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Friday, February 28th, 2014
Changes in car safety seat labeling have prompted another round of discussion about the best ways to keep our kids safe when they are driving. Similar conversations have been going on when it comes to safety seats on planes as well.
If you are planning to take a baby on a plane, the choice as of now is yours. You don’t have to purchase a seat for your baby (you can hold them if you like), and if you do buy a seat you are not required to bring a car seat.
The debates typically focus on whether or not parents should be required to purchase a seat and in parallel provide a safety seat. The question posed here, for your consideration, is the following:
If a parent purchases a seat for a baby (or of course a child up to a certain age), should airlines have a responsibility to have an appropriate safety seat available? Put another way, do they need to ensure the safety of every passenger who has a seat – and if that means a safety seat, then it means providing (and setting up correctly) the safety seat?
I would say … yes. The airlines have to provide seat belts that confer appropriate safety for their passengers who have a purchased seat. Why shouldn’t they have to outfit a seat for the smallest, most vulnerable passengers?
Find toys that will keep your kiddo occupied while you travel by plane or car at Shop Parents.
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Wednesday, February 26th, 2014
In recent years, the word “success” has been batted around in parenting culture. This series of blog posts considers a number of views of what “success” might mean – and how that influences how we parent.
“The Triple Package: How Three Unlikely Traits Affect the Rise and Fall of Cultural Groups in America” – “Tiger Mom” Amy Chua’s new book co-authored with her husband Jeb Rubenfeld – has promoted discussion because their thesis is that certain racial groups achieve more success than others because of three fundamental factors: high self-esteem, insecurity, and self-discipline. One could debate the assumptions drawn about race and success, or the choice of factors which purportedly promote success. But less attention has been given to the indicators of success.
While “The Triple Package” isn’t about parenting per se, it certainly embeds ideas about development and the factors that influence “successful” trajectories. Thus, through the lens of parenting, the question raised here is if these are really the most important things we would want for our children.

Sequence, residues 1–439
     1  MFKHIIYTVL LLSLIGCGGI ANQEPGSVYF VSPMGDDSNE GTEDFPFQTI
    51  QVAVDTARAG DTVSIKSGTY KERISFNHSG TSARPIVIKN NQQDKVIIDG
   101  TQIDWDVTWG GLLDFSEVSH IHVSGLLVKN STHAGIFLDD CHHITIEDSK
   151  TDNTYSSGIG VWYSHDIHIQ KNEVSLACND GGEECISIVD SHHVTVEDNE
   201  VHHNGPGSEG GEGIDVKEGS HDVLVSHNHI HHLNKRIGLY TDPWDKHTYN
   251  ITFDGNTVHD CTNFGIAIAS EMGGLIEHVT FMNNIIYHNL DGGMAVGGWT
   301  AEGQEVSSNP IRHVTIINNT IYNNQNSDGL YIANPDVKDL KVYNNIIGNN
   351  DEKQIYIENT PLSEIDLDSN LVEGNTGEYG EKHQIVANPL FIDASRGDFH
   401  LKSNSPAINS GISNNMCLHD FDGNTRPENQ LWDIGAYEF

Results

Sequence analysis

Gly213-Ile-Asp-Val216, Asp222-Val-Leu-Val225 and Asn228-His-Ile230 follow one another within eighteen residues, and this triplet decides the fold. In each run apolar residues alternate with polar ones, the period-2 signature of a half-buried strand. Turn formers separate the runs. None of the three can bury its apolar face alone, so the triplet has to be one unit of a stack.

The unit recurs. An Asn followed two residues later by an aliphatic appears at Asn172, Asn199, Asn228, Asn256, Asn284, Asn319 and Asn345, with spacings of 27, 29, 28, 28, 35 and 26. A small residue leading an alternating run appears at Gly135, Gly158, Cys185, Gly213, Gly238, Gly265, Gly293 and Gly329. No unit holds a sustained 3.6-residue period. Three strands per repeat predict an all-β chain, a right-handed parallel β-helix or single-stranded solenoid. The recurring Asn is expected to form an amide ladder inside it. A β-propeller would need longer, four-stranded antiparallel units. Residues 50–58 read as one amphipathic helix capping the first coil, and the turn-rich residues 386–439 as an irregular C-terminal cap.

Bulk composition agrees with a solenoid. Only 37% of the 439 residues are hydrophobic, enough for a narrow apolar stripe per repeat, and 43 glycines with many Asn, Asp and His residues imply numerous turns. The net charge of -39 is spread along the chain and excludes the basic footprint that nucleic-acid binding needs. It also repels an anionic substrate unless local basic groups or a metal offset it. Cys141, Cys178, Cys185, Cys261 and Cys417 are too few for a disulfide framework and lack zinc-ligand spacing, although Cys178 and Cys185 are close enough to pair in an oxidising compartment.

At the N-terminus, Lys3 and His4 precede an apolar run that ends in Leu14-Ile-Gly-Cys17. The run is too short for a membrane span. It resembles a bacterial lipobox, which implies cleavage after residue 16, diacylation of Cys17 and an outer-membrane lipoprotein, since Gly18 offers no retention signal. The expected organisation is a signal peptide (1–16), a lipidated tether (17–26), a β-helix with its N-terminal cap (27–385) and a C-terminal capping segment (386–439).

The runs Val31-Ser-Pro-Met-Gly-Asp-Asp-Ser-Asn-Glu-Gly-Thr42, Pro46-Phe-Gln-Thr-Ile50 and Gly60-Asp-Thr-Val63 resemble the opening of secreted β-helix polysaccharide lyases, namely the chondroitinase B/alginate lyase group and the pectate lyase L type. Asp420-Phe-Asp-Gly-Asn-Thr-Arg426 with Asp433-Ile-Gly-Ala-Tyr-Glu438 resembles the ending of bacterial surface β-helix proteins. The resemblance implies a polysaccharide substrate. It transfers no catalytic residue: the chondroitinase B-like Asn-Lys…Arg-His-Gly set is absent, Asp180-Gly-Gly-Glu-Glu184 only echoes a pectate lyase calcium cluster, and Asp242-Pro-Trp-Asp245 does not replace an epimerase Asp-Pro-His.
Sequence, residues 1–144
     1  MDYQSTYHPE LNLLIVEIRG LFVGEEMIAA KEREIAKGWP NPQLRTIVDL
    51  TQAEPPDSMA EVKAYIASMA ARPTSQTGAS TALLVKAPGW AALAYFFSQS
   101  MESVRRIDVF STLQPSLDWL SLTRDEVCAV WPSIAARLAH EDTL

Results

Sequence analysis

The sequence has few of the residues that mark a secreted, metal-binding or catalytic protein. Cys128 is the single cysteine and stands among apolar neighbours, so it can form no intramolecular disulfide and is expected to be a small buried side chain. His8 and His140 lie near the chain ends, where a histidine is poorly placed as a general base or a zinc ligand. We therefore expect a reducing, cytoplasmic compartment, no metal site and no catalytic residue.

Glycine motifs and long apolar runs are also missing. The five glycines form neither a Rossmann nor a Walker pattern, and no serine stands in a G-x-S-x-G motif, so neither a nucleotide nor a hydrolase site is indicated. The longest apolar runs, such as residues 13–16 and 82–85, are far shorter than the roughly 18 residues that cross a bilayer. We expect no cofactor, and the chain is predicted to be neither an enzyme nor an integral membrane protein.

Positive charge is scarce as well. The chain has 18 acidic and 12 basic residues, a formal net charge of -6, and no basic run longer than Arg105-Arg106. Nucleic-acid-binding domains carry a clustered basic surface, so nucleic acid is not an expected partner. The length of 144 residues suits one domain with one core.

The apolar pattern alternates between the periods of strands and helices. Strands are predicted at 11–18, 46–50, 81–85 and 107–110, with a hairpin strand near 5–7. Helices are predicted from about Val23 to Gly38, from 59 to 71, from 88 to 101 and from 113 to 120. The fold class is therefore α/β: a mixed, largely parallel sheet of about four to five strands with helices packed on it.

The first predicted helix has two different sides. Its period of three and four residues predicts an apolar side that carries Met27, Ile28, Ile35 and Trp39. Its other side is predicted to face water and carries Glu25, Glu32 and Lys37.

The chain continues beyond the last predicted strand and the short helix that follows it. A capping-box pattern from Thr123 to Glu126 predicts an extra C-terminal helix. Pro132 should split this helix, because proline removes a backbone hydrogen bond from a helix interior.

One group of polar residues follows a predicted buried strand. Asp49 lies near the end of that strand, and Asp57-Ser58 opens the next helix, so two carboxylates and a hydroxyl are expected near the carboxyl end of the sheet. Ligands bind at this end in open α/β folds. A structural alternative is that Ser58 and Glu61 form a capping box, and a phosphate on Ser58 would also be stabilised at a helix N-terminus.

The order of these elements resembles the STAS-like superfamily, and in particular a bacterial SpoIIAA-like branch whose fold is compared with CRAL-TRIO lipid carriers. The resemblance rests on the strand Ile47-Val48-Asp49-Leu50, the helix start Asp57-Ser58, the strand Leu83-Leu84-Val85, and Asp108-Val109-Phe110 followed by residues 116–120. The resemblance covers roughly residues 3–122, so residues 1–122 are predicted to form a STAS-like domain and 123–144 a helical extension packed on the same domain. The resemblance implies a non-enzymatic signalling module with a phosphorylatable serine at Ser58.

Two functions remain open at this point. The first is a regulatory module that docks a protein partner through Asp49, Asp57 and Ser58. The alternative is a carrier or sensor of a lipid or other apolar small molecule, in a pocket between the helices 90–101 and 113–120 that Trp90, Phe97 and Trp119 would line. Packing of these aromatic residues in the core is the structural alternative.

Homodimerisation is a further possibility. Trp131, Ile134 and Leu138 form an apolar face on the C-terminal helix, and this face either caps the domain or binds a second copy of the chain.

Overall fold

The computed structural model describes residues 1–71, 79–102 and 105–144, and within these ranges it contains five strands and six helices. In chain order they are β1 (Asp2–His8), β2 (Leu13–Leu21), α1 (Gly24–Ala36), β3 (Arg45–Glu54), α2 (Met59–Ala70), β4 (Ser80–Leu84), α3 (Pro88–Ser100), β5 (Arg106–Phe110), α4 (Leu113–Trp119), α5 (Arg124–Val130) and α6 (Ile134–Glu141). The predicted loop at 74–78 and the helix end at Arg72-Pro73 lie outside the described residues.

Consider these benchmarks highlighted in the book:
- Occupational Status
- Test Scores
These are certainly outcomes that matter to a degree for our kids. We certainly make parenting choices to positively influence how our kids perform on tests, what occupational status they eventually achieve, and the income level that they reach. But the fact that they are highlighted as the starting point of the thesis under study provides an assumption that these indicators are benchmarks of success.
They may be what defines success for some people, or in fact many people. But I think it’s important, when we think about parenting, to recalibrate our thinking. While these outcomes may be goals – and important ones – for some, they aren’t necessarily the measure of success for many others. And I suspect that carries through in terms of parenting style.
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Friday, December 6th, 2013
As we mark the one year anniversary of the Sandy Hook shooting, it is a salient time to consider the substantial public health challenges that were raised by that tragedy – and that still remain. Three are most prominent.
School safety is an ever-present concern. Although no school can eliminate the potential for a tragedy, strides are being made at many schools across the country to put into place practices and technologies to keep children as safe as possible. It has been suggested that 90% of school systems have made some type of concrete change to improve school safety in response to the Sandy Hook tragedy. Lock down drills have become a reality for children, practiced with the regularity and acceptance of a fire drill. Teachers and administrators are trained to know how to react in the event of an attack and how to best try to secure the safety of their students.
Some schools have video surveillance systems in place that are monitored for potentially suspicious activity. Schools may have changed their policies concerning entry at different times of the day. And at some schools there is a police presence or security guards in place. Yet these types of changes will undoubtedly need to be evaluated, and potentially evolve over time. It does appear, however, that that sad and startling day at Sandy Hook Elementary promoted a nearly universal awareness that no school can be assumed to be safe – and that every school needs to take a comprehensive approach to trying to best ensure their students’ safety.
Gun control – always a polarizing topic – remains a hotly contested issue in the aftermath of Sandy Hook. There have been some actions to promote gun control in some states, and some reactions to ensure gun owner’s rights in other states. As the swinging pendulum of gun control plays out across the country – evidenced by the current swirl of debate surrounding how access to firearms should be regulated – what remains most clear is that we are no where close to coming up with a focused effort to reduce the likelihood of someone with a gun entering a school and killing children and adults. Most influential – and sobering and inspiring – has been the efforts of Sandy Hook parents to promote a ‘cultural change campaign’ to properly orient our attention on violence prevention, particularly gun violence aimed at our children. It is hoped that this effort will inspire a change in our collective mindset that will do away with the philosophical rhetoric about the pros and cons of gun control and gun rights and focus instead on ways to prevent gun violence from permeating our schools.
Mental health remains another core public health issue that has been illuminated by the Sandy Hook massacre. We have yet to get a good handle – at the most public level – on the burdens faced by those with mental illness, the importance of properly recognizing and treating those who suffer, and the myths and realities about the risk posed to society by some individuals. What can be stated with confidence is that despite the substantial progress made over the last few decades in the identification and treatment of mental illness, we simply need much more support for research and intervention.